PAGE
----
Is it Safe to Live in Panama? - Is Panama City Safe? - International Living

Is it Safe to Live in Panama? - Is Panama City Safe?

Panama is very attractive when it comes to safety and security, and the expats who choose to live here obviously concur. In Panama, there isn’t the widespread envy or racial tension you might find in other economically deprived areas where “wealthy” foreigners have swept in. Major international communities have been thriving here for over a hundred years. Plus, Panama is a land of opportunity, and locals who strive to improve their lot can go far.

Is it Safe to Travel to Panama Right Now?

Whether you’re comparing crime statistics, tourist guides, or travel advisories for the region’s different countries, you’ll find that Panama is one of the safest countries in Latin America.

So, does it follow that Panama is free from crime? No…I’ve traveled the globe and I’ve never encountered a country that was free from crime or corruption.

“Safety” is a subjective term, of course. Is your current city safe? Check “top 10” lists for the world’s safest cities and you generally won’t find any in the U.S., especially when it comes to personal security.

And statistics can be misleading, especially those for an entire country in which there may be some dangerous areas (due to localized organized crime or gang-related activity), but also many safe ones. If you observe the many expats and locals who live in Panama, you will learn much.

In all the attractive expat destinations we write about, you’ll see signs of this country’s prosperity. People drive nice cars, carry the latest smart phones, and even wear gold and diamonds. Children run freely in parks and on beaches, and families attend concerts and festivals.

Expat Safety in Panama

Ask any of the expats who choose to live in Panama whether they feel safe, and most will tell you that they feel safer than they did “back home.” Most will also tell you that they feel welcome in Panama.

Panamanians are accustomed to foreigners and you’ll find a wide range of ethnicities here. For years, Panama has been a crossroads for people from all over…the Americas, Caribbean Islands, Europe, Asia, the Middle East, Africa…you name it.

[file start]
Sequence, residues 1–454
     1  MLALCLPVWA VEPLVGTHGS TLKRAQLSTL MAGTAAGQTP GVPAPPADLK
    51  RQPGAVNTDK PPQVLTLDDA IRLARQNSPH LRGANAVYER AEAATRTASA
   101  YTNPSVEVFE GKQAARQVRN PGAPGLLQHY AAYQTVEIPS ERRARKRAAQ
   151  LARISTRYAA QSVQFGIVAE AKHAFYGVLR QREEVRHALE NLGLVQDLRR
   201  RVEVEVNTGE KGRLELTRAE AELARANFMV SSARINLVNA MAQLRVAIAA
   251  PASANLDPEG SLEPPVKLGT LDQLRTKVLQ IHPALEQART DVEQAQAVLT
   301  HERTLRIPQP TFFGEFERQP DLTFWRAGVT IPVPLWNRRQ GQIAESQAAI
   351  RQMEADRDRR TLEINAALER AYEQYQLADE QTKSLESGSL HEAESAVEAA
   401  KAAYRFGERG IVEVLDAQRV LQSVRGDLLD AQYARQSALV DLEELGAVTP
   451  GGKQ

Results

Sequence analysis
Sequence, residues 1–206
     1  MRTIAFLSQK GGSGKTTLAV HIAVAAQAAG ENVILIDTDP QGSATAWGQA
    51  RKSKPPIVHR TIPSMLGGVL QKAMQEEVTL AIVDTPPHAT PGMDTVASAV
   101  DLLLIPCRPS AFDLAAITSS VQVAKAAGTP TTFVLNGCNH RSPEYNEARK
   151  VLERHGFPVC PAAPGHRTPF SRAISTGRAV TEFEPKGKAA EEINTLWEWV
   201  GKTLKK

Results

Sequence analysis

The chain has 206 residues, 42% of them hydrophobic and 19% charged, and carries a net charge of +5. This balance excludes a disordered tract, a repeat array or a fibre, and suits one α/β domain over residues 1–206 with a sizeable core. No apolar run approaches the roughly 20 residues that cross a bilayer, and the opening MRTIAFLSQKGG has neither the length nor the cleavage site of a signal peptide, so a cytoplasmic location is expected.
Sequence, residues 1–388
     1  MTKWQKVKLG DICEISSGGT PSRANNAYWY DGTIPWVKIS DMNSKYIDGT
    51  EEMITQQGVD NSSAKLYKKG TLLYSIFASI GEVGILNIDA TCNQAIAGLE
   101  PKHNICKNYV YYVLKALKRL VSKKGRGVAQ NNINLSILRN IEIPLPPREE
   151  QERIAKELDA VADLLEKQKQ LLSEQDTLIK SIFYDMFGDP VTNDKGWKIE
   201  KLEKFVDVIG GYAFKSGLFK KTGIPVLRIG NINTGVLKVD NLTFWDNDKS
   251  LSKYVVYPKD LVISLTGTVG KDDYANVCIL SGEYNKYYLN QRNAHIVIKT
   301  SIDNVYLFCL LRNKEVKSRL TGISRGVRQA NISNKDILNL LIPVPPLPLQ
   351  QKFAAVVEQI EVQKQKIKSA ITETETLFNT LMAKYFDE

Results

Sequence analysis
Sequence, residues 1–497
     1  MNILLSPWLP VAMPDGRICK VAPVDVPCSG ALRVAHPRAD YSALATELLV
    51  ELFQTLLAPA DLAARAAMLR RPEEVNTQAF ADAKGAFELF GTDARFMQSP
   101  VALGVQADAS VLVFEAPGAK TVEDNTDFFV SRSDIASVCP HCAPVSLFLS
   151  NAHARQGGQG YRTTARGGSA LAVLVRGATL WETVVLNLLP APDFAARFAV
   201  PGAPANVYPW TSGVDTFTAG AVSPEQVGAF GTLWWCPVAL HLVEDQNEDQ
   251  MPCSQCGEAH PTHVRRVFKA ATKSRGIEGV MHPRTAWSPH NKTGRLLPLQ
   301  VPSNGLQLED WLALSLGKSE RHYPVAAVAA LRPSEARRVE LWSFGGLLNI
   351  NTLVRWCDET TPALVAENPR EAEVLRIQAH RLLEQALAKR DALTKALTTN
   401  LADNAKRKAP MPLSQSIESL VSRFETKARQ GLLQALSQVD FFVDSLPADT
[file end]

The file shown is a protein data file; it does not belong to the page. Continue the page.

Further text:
If you are concerned that you will stand out because of your hair or skin color, rest assured that in Panama there is incredible diversity, and you will see virtually every race represented.

Places in Panama that Travelers Should Avoid

Like every country in the world, Panama has safe areas and dangerous ones, too. The city of Colón in the province of Colón is perhaps the only city that has a reputation for being unsafe—the entire city, not just parts of it.

Sectors of Panama City/Panama Province and the neighboring Panama Oeste province—such as Tocumen, Rio Abajo, Santa Ana, El Chorrillo, Curundu, and parts of Arraijan, Veracruz, and San Miguelito—can also be more dangerous than their upscale counterparts.

This is not an exhaustive list, but in Panama it is generally very easy to tell when a neighborhood is poor and thus certain to have more crime. Most are not areas you would stumble into, though the line is very slightly blurred between Santa Ana and the adjacent district of San Felipe, better known as Casco Viejo. (Casco Viejo is a well-policed tourism and nightlife hub filled with restaurants, bars, galleries, monuments, churches, and more.)

Precautions for Women Travelers in Panama

I have traveled to all of Panama’s provinces and several of the indigenous reserves known as comarcas. I have felt safe nearly everywhere I’ve gone, with some exceptions in Colón City (where I lived for three years) and unsavory-looking parts of David (the capital of the Chiriquí province).

A major factor, for me, is the fact that there are many women—both local and foreign—who go out and travel the country on their own. I do not stand out the way I would in a country where women do not walk or drive the streets unaccompanied.

Panama is well-known for its fairs and festivals, and I have attended many. When I was younger, I even attended Carnaval several times. It’s known as a wild bacchanalian, with multitudes drinking and dancing in the streets. But there are also parades with beautiful floats, costumes, and more. Many families—with kids of all ages—attend carnival.

At the biggest carnivals you may be concerned about groping while in a crowd. It helps if you go with a group, particularly if the men in the group encircle the women (this is what my local friends did). On occasion I did venture into the melee with just another female friend. We stayed alert and moved when a section got too crowded or rowdy.

I do not recommend drinking excessively or taking drugs that could impair your judgement or ability to defend yourself while out and about in Panama—or anywhere in the world.